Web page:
Would Autzen Expansion Be Worth The Risk?
The rumors have swirled for years, encircling Eugene like ambiguous High School gossip. The threat of another expansion at Autzen stadium — rumored to put capacity at a staggering 70,000 — is real, only aided by the unparalleled success the program has seen the past four years.
It begs the question, however, of how much is too much?
For the better part of a century, the Oregon football team toiled in mediocrity, interspersed with small bouts of success. Autzen, which has hosted Duck games since 1967, is charming in its small stature. For years Autzen housd just over 40,000 fans, one of the smallest in division-1 football. Often regarded as the loudest stadium per capacity in the country, Autzen’s reputation often outdid that of the home team. Oregon, a good program at this point, but one that relied heavily on its raucous home crowd to will them to victory.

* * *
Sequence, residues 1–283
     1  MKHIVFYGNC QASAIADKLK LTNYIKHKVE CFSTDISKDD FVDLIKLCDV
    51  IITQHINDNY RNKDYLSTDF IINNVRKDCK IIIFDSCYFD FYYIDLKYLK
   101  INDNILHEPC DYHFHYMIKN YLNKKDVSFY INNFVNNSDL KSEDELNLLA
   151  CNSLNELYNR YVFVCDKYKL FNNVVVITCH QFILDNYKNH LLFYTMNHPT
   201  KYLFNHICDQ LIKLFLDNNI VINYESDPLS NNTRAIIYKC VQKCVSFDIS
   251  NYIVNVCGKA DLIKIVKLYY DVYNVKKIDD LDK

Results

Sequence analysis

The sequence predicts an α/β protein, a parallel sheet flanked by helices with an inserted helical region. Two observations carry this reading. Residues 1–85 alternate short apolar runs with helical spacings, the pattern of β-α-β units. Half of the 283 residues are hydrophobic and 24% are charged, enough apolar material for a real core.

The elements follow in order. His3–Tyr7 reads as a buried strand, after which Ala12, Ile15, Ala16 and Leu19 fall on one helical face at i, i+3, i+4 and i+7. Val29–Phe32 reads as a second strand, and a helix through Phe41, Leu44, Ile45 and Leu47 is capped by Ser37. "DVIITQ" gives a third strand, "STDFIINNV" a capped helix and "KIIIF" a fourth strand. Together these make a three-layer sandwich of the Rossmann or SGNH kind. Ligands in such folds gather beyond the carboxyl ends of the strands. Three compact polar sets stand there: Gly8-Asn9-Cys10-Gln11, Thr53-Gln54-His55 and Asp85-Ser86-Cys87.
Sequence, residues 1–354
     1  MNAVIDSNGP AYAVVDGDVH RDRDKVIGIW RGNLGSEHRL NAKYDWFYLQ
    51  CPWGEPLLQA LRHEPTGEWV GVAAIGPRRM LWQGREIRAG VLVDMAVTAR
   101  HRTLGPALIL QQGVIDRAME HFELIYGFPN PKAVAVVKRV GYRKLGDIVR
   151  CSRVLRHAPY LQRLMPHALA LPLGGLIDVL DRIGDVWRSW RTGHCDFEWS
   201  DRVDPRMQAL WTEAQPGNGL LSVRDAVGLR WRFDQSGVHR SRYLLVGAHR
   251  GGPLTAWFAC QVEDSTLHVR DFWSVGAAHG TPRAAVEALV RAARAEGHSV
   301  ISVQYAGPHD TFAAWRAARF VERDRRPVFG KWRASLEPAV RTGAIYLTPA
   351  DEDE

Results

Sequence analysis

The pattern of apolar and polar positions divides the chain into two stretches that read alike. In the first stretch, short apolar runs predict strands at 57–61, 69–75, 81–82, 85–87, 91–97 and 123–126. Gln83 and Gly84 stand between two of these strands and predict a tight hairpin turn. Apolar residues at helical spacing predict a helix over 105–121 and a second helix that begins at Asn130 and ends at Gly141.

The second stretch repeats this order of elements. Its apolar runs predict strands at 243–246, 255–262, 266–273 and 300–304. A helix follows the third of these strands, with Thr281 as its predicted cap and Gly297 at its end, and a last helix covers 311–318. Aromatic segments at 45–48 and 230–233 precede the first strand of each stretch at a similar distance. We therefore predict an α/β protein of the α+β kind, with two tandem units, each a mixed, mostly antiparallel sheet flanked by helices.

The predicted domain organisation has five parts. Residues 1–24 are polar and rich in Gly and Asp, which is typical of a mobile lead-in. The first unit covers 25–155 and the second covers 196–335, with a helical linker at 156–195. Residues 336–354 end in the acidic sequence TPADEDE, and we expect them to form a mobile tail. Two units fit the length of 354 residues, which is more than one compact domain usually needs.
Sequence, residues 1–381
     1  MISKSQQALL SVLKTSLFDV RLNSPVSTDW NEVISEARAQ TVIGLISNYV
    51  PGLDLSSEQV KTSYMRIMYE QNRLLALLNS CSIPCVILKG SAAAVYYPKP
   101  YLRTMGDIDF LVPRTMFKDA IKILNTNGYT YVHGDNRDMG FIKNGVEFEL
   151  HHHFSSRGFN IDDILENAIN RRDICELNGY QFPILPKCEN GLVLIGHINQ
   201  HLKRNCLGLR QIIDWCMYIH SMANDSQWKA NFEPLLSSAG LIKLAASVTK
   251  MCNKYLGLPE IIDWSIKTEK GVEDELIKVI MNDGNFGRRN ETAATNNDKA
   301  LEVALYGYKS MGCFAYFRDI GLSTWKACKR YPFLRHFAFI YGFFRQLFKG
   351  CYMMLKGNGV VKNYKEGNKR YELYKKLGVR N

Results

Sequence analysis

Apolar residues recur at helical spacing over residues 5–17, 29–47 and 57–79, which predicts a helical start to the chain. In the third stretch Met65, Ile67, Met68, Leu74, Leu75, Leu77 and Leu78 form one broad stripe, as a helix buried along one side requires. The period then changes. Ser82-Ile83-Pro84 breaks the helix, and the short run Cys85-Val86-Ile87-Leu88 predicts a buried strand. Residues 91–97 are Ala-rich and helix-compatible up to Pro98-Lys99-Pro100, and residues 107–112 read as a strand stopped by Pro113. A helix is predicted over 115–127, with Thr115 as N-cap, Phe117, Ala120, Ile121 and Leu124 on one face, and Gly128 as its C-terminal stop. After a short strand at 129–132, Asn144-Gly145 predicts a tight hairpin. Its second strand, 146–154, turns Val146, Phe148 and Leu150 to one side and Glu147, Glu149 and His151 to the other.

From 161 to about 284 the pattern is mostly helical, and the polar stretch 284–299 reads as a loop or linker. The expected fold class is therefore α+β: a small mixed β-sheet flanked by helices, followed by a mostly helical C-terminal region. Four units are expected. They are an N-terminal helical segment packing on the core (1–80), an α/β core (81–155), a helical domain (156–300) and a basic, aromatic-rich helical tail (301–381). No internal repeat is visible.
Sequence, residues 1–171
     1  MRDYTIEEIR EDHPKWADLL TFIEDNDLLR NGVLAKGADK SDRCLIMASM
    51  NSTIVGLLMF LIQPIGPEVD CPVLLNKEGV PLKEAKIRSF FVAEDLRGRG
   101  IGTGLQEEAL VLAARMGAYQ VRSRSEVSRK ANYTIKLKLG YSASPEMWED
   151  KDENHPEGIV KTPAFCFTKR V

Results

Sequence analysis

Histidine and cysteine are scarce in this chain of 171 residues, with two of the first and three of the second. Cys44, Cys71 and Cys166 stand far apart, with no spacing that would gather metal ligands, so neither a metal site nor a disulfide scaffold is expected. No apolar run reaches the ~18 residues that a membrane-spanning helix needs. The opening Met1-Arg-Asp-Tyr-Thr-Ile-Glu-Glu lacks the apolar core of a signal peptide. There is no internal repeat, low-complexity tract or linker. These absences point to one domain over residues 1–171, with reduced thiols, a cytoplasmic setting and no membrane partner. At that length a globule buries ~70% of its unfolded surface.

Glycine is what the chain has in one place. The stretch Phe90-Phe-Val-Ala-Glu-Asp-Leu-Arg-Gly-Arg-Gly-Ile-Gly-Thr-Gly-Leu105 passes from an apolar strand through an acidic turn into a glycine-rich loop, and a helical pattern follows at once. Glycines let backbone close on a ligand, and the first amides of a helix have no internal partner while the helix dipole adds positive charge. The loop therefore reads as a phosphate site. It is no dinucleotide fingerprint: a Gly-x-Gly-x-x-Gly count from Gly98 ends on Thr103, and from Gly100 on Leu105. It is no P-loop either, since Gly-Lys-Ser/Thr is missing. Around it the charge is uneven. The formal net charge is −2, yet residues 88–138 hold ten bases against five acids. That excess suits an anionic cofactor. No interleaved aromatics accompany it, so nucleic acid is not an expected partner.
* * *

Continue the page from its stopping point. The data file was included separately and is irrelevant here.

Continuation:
However, after an expansion in 2002 upped the capacity to 54,000, many fans noticed a suttle change in atmosphere.
Gone was the gritty, dirty feel of the underdog, little-engne-that-could stadium. Sky boxes, suites, and a multi-million dollar jumbotron made the viewing experience more pleasurable, but also took a little of the charm — and noise — away from the Autzen we all knew.
Adding on to that is a huge risk, one the program cannot afford to take at this moment.
With the possibility of sanctions coming, the future is unknown. Fans in this state can be a little fickle, with so many options for their weekends. One 7-win season, and who’s to say they will all be there? Oregon had a hard time filling the seats this season, due to a weak home schedule, and the inevitable fact that Oregon was going to win most game buy 40+ points.
If they can barely sell out 54,000 in a 12-win season, how would 70,000 look in a down year? The appeal of a SEC-size stadium is appealing, and would certainly be special during certain games, but for the majority of the season, I simply don’t see the need.
Enjoy the smaller, intimate-stadium atmosphere. It’s part of Oregon’s charm, one that is being lost in the arms-race of college football.